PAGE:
Not if we only enjoy looking at them while driving. There are too many, for sure (especially in urban areas, where they really do clutter up the view) and lots of them are ugly, but I certainly wouldn’t always choose a drive without billboards over a drive with billboards. For some nostalgia value: http://www.billboardsofthepast.com

A box with a fork and knife means food

Not all of us are content with knowing that we’re headed toward “food.” White Castle or Wendy’s? Red Lobster or Cracker Barrel? Dammit these things are important.

17

Slocum 05.12.06 at 9:41 am

> Please—I like billboards.

Yep. Someday today’s billboards will be ‘Americana’:

http://www.highwayproject.org/

How did this sort of thing get to be art:

http://www.highwayproject.org/Pages/gallery_1_18.htm

but modern billboards are nothing but eyesores?

18

DC 05.12.06 at 9:49 am

“Given the public good properties of financing broadcast TV, it’s possible to make a second-best argument that this social arrangement improves welfare on balance”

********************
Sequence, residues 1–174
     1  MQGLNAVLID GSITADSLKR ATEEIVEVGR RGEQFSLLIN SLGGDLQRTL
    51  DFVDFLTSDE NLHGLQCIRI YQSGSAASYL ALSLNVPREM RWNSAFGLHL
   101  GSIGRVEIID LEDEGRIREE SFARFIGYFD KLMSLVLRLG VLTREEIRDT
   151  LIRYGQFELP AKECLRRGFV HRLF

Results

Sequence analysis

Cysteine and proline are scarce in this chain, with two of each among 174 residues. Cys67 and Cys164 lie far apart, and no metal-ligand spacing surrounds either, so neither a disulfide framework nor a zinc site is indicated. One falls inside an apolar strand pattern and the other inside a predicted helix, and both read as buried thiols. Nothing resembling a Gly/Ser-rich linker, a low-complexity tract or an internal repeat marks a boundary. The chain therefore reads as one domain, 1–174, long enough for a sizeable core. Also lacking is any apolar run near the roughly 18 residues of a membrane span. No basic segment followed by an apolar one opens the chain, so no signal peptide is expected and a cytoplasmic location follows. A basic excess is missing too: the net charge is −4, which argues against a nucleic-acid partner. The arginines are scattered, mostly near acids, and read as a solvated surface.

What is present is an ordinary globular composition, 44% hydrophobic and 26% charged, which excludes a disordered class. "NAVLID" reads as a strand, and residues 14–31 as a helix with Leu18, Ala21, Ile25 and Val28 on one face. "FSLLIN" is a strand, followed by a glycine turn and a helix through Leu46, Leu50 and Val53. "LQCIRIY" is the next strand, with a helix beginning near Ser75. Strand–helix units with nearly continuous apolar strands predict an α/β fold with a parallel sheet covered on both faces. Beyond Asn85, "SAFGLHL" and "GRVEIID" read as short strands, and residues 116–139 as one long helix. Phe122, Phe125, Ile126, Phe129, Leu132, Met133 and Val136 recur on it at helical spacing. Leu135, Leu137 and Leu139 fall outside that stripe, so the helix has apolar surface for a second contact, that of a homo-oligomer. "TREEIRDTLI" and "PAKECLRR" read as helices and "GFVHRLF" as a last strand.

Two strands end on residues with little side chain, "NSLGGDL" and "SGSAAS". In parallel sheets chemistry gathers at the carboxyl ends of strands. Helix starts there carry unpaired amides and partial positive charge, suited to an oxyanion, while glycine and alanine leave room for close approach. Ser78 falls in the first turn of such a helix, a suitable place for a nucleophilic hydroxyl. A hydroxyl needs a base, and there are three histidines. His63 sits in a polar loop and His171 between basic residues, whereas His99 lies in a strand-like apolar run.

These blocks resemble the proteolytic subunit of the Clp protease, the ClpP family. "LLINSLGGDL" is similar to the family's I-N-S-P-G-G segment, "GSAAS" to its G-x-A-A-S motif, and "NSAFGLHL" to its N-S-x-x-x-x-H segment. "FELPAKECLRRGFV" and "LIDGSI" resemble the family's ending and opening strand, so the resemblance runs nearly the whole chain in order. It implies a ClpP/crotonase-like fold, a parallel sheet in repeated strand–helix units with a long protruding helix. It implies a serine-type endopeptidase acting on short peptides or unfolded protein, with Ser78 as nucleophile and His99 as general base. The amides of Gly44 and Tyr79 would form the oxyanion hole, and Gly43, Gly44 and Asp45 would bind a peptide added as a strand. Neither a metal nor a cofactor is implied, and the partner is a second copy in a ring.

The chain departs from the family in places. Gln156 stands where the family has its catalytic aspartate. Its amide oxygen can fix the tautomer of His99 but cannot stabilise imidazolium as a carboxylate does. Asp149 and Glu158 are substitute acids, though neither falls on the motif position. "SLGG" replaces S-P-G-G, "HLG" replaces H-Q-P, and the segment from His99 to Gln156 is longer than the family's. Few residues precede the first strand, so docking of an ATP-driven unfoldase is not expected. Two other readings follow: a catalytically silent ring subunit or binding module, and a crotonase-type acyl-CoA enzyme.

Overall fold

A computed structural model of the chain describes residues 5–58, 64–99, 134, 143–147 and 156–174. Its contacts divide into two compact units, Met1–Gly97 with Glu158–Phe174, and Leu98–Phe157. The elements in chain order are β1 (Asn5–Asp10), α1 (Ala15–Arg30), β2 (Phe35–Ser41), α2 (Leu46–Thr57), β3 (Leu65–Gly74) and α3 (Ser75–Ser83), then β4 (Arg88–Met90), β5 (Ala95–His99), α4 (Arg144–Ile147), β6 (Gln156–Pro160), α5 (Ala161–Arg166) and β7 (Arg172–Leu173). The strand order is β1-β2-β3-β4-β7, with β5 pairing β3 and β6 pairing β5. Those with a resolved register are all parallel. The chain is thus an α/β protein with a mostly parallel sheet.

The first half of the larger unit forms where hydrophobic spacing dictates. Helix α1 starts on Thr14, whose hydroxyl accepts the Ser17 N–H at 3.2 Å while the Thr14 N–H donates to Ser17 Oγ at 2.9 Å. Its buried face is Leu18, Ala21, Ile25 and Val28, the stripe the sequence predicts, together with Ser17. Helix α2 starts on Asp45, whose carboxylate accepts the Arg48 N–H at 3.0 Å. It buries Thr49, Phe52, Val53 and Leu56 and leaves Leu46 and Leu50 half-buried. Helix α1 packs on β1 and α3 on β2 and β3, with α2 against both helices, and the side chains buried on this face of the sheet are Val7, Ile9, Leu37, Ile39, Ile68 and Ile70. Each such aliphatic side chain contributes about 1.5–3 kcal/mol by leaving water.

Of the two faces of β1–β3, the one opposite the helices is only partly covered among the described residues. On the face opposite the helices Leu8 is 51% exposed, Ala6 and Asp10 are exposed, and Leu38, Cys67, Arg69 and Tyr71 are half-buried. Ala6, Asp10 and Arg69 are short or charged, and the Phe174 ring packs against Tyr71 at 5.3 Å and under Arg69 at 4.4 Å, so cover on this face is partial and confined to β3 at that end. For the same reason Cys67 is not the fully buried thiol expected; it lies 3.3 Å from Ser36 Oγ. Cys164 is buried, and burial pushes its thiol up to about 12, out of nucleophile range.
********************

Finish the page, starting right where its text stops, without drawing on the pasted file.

But you’d also have to consider the anthropological and environmental effects of unnecessesarily (and manipulatively) consumptive ways of life.

19

Evan McElravy 05.12.06 at 9:52 am

You have got to be kidding me. Imagine taking a road trip with no billboards whatsoever. Now you have no information at all at what amenities are at each exit, no idea what restaurants, etc. are available. Since billboards are an “unmitigated bad”, you must be obviously better off without such knowledge, correct?